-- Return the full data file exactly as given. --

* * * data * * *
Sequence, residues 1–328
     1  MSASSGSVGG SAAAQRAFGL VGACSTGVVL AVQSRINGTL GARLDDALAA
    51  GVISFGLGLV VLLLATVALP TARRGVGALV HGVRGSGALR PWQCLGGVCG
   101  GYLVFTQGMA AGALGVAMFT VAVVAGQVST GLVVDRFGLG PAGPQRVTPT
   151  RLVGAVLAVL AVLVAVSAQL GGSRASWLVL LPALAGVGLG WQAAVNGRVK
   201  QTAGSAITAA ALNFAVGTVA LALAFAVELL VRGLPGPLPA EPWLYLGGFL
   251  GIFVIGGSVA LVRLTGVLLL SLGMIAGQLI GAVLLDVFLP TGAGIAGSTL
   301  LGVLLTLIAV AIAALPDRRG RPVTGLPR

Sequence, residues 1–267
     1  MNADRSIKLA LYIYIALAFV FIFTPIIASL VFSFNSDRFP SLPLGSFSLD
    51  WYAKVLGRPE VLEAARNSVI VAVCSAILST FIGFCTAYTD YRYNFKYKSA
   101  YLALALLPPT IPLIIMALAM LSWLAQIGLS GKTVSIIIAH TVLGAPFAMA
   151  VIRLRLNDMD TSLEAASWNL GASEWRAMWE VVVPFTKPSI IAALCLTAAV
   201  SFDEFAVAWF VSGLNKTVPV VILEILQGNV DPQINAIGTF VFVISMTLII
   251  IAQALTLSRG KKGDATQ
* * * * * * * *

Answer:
Sequence, residues 1–328
     1  MSASSGSVGG SAAAQRAFGL VGACSTGVVL AVQSRINGTL GARLDDALAA
    51  GVISFGLGLV VLLLATVALP TARRGVGALV HGVRGSGALR PWQCLGGVCG
   101  GYLVFTQGMA AGALGVAMFT VAVVAGQVST GLVVDRFGLG PAGPQRVTPT
   151  RLVGAVLAVL AVLVAVSAQL GGSRASWLVL LPALAGVGLG WQAAVNGRVK
   201  QTAGSAITAA ALNFAVGTVA LALAFAVELL VRGLPGPLPA EPWLYLGGFL
   251  GIFVIGGSVA LVRLTGVLLL SLGMIAGQLI GAVLLDVFLP TGAGIAGSTL
   301  LGVLLTLIAV AIAALPDRRG RPVTGLPR

Sequence, residues 1–267
     1  MNADRSIKLA LYIYIALAFV FIFTPIIASL VFSFNSDRFP SLPLGSFSLD
    51  WYAKVLGRPE VLEAARNSVI VAVCSAILST FIGFCTAYTD YRYNFKYKSA
   101  YLALALLPPT IPLIIMALAM LSWLAQIGLS GKTVSIIIAH TVLGAPFAMA
   151  VIRLRLNDMD TSLEAASWNL GASEWRAMWE VVVPFTKPSI IAALCLTAAV
   201  SFDEFAVAWF VSGLNKTVPV VILEILQGNV DPQINAIGTF VFVISMTLII
   251  IAQALTLSRG KKGDATQ